Leclanché cells does not in the least deflect the needle Solid vitreous selenium cannot, according to Berzelius,* of our highly sensitive galvanometer. Nor does light, so be rendered electrical by friction, but, on the contrary, far as our experiments have yet gone, diminish the resist. Bondsdorfft states that when rubbed in very dry air it ance of this modification. We have, on the other hand, has this property. I Knox found that fused selenium con succeeded in obtaining bars of granular selenium through ducted the current of a battery of sixty pairs. Hittorf g which the current of one Leclanché cell causes a very found that granular selenium at normal temperatures con considerable deflection of the needle. This forin is, we ducted sufficient of the current of one Grove's element to find, in its electric resistance almost unaffected by light. deflect the astatic needle of a galvanometer having 200 Between these two forms of granular selenium-the apconvolutions 17°, and that when the selenium was heated parently non-conducting and the comparatively highly to 210° in a small crucible the needle marked 80°. But conducting—there is another of intermediate resistance. when the temperature reached 217° (the point of fusion of This modification is highly sensitive to light; its congranular selenium), the needle went back suddenly to 20°. | ductivity when i: the form of flat bars increasing in direct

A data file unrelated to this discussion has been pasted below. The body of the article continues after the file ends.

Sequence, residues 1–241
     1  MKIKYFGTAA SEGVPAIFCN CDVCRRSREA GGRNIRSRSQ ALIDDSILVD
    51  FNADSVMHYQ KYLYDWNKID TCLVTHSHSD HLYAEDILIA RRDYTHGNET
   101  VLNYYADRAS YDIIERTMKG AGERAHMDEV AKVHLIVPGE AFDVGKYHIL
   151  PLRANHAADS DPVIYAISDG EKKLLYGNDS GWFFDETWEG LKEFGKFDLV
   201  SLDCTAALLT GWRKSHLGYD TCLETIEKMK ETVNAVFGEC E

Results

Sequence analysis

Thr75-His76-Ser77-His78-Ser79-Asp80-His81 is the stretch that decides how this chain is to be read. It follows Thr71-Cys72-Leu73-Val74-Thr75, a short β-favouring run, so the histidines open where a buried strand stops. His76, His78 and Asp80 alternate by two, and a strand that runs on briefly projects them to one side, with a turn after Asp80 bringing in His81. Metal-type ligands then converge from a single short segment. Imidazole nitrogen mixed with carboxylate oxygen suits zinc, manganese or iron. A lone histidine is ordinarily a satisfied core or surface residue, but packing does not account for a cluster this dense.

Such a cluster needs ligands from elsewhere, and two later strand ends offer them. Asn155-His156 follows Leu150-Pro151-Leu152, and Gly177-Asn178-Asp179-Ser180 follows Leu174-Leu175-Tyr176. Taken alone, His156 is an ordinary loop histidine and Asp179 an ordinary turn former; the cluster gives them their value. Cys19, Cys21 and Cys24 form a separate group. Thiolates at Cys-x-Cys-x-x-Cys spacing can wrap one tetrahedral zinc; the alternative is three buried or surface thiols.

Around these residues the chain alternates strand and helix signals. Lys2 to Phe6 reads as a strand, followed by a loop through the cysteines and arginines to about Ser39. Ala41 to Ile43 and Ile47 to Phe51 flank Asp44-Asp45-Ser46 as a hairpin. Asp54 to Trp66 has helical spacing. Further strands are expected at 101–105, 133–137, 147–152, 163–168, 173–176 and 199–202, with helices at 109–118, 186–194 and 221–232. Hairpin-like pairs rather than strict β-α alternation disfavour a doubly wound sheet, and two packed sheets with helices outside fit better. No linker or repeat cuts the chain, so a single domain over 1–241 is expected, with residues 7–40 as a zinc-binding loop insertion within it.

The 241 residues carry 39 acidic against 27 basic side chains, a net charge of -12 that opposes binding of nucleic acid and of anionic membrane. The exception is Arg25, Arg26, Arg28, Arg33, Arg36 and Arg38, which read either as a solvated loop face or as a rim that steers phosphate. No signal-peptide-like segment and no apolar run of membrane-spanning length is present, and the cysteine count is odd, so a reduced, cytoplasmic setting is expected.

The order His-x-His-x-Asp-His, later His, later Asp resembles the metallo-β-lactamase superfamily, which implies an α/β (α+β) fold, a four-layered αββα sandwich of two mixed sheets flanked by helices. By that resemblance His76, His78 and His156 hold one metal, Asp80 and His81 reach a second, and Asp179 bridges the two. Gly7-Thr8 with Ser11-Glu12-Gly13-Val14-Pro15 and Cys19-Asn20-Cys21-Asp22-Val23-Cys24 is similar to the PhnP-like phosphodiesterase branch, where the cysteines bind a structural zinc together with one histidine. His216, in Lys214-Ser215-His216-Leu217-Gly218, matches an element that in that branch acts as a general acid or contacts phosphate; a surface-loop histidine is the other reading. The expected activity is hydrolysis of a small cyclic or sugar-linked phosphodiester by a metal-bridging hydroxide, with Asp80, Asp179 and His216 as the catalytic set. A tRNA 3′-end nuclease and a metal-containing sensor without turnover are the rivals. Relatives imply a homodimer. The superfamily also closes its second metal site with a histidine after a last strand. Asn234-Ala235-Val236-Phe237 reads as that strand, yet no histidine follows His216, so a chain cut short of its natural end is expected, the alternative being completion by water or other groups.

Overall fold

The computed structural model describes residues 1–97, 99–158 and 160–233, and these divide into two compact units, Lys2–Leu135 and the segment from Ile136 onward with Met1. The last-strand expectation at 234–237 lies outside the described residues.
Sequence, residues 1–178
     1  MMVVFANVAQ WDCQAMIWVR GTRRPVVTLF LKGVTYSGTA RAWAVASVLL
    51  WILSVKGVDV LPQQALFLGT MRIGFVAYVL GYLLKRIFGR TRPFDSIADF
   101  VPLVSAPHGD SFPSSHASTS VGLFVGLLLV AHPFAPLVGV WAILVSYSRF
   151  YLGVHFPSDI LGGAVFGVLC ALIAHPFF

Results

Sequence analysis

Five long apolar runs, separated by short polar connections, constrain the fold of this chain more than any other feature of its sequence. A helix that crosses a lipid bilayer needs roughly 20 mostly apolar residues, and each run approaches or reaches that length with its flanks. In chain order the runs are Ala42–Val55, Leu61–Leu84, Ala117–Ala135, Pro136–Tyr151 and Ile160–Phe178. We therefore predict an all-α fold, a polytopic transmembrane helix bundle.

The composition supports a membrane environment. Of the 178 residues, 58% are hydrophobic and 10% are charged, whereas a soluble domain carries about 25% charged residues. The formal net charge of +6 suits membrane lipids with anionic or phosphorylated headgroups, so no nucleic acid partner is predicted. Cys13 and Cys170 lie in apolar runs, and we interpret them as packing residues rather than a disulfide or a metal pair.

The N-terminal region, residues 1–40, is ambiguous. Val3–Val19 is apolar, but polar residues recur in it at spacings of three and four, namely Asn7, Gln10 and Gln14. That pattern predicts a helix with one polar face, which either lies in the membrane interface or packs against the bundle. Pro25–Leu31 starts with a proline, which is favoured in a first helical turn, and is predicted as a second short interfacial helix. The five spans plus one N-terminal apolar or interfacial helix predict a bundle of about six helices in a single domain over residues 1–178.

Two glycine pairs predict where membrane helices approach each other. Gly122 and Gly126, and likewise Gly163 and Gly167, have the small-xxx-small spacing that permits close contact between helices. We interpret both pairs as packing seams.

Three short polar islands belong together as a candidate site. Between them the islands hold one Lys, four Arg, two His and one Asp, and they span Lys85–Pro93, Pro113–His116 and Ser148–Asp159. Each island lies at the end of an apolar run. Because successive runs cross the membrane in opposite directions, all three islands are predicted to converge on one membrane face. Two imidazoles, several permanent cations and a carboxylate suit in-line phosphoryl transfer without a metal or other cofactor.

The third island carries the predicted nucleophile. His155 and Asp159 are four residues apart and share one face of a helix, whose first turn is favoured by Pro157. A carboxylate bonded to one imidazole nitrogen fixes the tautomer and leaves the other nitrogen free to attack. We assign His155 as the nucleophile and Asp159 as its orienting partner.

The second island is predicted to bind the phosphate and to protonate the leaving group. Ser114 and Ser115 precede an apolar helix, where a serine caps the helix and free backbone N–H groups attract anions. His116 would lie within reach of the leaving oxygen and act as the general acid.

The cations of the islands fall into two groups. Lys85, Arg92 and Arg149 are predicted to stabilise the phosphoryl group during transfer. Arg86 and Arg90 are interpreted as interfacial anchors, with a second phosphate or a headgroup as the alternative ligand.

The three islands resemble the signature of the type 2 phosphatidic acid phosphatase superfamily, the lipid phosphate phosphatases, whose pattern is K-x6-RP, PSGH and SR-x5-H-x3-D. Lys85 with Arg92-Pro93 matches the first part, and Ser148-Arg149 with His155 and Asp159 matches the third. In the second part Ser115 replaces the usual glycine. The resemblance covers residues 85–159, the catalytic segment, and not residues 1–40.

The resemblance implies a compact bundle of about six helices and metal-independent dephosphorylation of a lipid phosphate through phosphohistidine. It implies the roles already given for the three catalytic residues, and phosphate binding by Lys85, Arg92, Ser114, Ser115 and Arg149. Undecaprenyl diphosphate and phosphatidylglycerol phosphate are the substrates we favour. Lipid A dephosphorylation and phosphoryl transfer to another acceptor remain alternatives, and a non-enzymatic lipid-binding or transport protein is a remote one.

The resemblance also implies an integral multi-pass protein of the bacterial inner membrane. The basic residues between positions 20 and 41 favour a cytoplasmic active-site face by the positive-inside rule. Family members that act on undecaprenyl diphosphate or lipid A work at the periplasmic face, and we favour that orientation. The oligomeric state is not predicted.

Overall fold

The action of light as probably effecting some change sunlight 75 to 100 per cent, and in artificial light in ratios in the allotropy of selenium was not wholly unsuspected ranging from 10 to 50 per cent. prior to Mr. Smith's observations. Gmelin mentions ex. One form of granular selenium, as Hittorf first showed, posure to sunlight as a favourable condition for the pre- has its resistance considerably diminished by heat: indeed, cipitation of selenium from dilute solutions of selenious he says that could it be heated red hot its conductivity acid by sulphurous acid; and Hittorf, while noting the would not be inferior to that of the metals. Our own exlikelihood of such an influence, was unable to detect it, periments confirm the diminution of conductivity by heat, and was obliged to attribute the observed change of amor but we have found, in at least one modification which phous into crystalline selenium, while drying in sunlight, we have produced, a body which so far conforms to the entirely to the effect of heat. In pursuing the line of re metallic type as to have its resistance strikingly increased search we have marked out for ourselves, we have been by heat. We have made bars of selenium which when obliged to repeat much already published work, which placed in the circuit of a battery and galvanometer, have with improved means of experiment has lost somewhat of shown a deflection of 48°, while upon completing the cirits significance. We have thus encountered several ap- cuit of a nitric acid battery, the current of which heated parently contradictory statements, some of which our ex a spiral platinum wire surrounding the bar of selenium, perience has either failed to verify, or has placed in a new the needle gradually fell to 15°, as the temperature of the light; and we have been convinced that the properties of bar became greater. this remarkable substance are but imperfectly understood, For the present we refrain from comment upon these and still present a wide field for investigation. Vitreous results; and although we have been engaged during many selenium is, we should say at the outset, apparently an months in this investigation, we deser details of our exabsolute non-conductor of electricity. We have been unseriments, and especially of the conditions under which able to obtain any deflection of the very sensitive astatic | the different electrically resisting and light-sensitive forms needle of a high resistance galvanometer, when the thin. of selenium are obtained, until with larger experience we nest films of selenium, of the continuity of which we may hope to bring before the Academy results tending could assure ourselves, are interposed in the circuit of more closely to the solution of the questions we have pro. ten Leclanché elements. The difficulty of producing posed to ourselves. very thin films of absolute continuity disposes us nevertheless to state our belief as to the complete non-conductivity of vitreous selenium with some reservation.